I am late to this discussion. But I would like to speak for all those authors starting out…editing, although a necessary evil, is very expensive. Let’s face it, writing a novel is not a paid venture. If you sell your book to traditional publisher, or self publish, you will rarely make this expense up. To spend $5.0-$10.0 on your novel is just out of reach for most. I realize that editors “work hard” and “put a lot of time” into their work. But there seems a disconnect in the market place. Writers are writing for free, and shelling out all the money for little return. And yet it seems the only ones profiting is the “market place” on services. It is more an “industry” for publishing, than a means for a writer to get published, or make a living. I wish there was a middle ground for writers: an editing service that prepares your novel for submission to agents and editors at publishers, but doesn’t cost your first child! There is a need, and is truly an untapped market. But what you have are editors, at all levels, “demanding” the market price, whether they are experienced, starting out, or good. There seems to be no heirarchy with an equal level of professionalism for new writers vs experienced who might have a bigger budget for editing. I liken it to buying cars. You can buy a car at $15.0 and still get a good, safe car that looks nice and is drivable.. Or, you can buy a car at $50.0 if you want more prestige, quality service, personal attention, more features. Both are acceptable and worthy, just at different levels of affordability. Although editors are arguably at different prices, as the comments have indicated, the less you pay is for limited services, not a varying level of editing. It’s like getting a car with three wheels. But new writers do need a full service of editing…at an affordable price. I am not sure how to get there, or the value to editors, but there does seem to be a gap that needs to be filled- reliable editors, who can help bring a novel to a professional level for submission, and it be worth their time in doing so, at a rate that is more manageable for a writer’s pocketbook.

Stephen, I’m not sure what you mean by “time wasted matching a style guide.” Any professional editor of trade books knows the Chicago Manual of Style well and as a matter of course automatically makes changes that are in line with it. What you said is akin to “They waste time correcting spelling errors.” They’re not wasting any time; they’re doing their job and it’s a basic and automatic part of that job.
Note: On the spreadsheet, the editor’s total cost will be automatically calculated once you insert your total word count and the editor’s per-word rate. If you’re given a per-page rate, you can calculate a per-word rate by assuming the industry standard of 250 words per page, e.g., $3 per page equals $3 per 250 words. Dividing 3 by 250 equals $.012.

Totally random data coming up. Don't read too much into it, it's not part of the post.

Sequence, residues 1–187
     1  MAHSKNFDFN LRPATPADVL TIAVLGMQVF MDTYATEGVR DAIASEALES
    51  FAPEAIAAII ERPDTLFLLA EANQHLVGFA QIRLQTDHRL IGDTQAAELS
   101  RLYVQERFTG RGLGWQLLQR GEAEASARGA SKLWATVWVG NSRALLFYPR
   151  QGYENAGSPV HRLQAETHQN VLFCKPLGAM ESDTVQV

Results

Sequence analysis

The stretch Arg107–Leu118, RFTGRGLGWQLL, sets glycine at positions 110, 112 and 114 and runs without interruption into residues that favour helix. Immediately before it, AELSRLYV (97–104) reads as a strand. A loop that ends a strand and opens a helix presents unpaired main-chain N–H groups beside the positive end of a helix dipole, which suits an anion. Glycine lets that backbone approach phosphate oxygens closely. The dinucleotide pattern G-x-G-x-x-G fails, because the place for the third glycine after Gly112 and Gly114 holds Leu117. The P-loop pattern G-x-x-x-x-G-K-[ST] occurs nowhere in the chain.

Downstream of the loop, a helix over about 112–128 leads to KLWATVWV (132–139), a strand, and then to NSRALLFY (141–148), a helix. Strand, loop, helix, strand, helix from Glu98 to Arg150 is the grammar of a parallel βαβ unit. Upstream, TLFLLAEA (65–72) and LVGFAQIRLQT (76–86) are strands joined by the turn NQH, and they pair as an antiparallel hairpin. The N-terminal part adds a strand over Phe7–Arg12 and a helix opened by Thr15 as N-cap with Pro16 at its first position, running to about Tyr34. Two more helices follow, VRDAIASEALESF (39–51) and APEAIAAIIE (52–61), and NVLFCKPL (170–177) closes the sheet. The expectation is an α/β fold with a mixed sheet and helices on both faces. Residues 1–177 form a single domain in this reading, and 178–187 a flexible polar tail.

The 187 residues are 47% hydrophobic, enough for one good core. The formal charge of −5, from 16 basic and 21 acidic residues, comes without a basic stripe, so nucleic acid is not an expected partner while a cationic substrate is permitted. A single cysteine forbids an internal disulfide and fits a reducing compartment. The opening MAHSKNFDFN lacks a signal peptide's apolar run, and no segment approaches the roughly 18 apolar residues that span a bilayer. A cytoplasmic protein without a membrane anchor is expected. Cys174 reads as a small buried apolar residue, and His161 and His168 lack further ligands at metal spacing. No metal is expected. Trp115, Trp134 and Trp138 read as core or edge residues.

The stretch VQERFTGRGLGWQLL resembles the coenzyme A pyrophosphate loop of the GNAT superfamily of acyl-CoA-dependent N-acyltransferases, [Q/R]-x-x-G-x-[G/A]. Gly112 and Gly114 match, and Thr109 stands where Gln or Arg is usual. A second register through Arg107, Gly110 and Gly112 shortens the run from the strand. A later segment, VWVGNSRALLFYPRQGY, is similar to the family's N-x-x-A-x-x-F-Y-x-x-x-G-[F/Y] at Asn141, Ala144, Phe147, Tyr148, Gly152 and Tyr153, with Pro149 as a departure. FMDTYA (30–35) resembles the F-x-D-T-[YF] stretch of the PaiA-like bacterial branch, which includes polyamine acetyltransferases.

The quotes I posted are for a specialized genre – romance. These books are shorter than many other types of fiction and yes the editors are professional. Many do this as a favor to authors they love and work with in publishing houses…so they lower their rates for private work. Over time of course, their rates increase but the prices I quoted for my industry only.
– Many self-publishers need less specialization. I sought an editor — mostly a copy editor, but also this is the only person who could tell me if I ramble in a particular chapter. I couldn’t afford a full dev edit, but I think I’m typical in wanting an editor who will tell me what my friends wouldn’t, and maybe switch hats for small sections where it’s needed.

After writing some of the book or a first draft of a book, some authors decide that they need more than an editor; they need a writer to take their writing to the next level, in order to get published or reach the level of sales they aim for.  I can refer aspiring authors to excellent, experienced co-writers, book doctors and ghostwriters, some of whom have worked on New York Times Bestsellers and other award-winning books. Find out more about ghostwriting services.

It’s best, if you decide to hire a freelancer, to figure out what the going rate is for the service you need, and expect to pay that amount. Otherwise it may turn out to be a waste of money, because the quality of the service will suffer. Sometimes there are payment plans to help with high costs! But it’s really a good investment to pay industry standard for editorial services; I agree with Shayla.
At first, I didn't want to add Fiverr to this list because there are a LOT of editors on Fiverr that aren't exactly a good investment.  But, that doesn't mean there aren't amazing opportunities out there.  Editors like Kerrie McLoughlin, have done an amazing job with their Editor Fiver gigs.  However, if you do decide to go through Fiverr, then ABSOLUTELY use my test to ensure you aren't hiring someone who isn't qualified.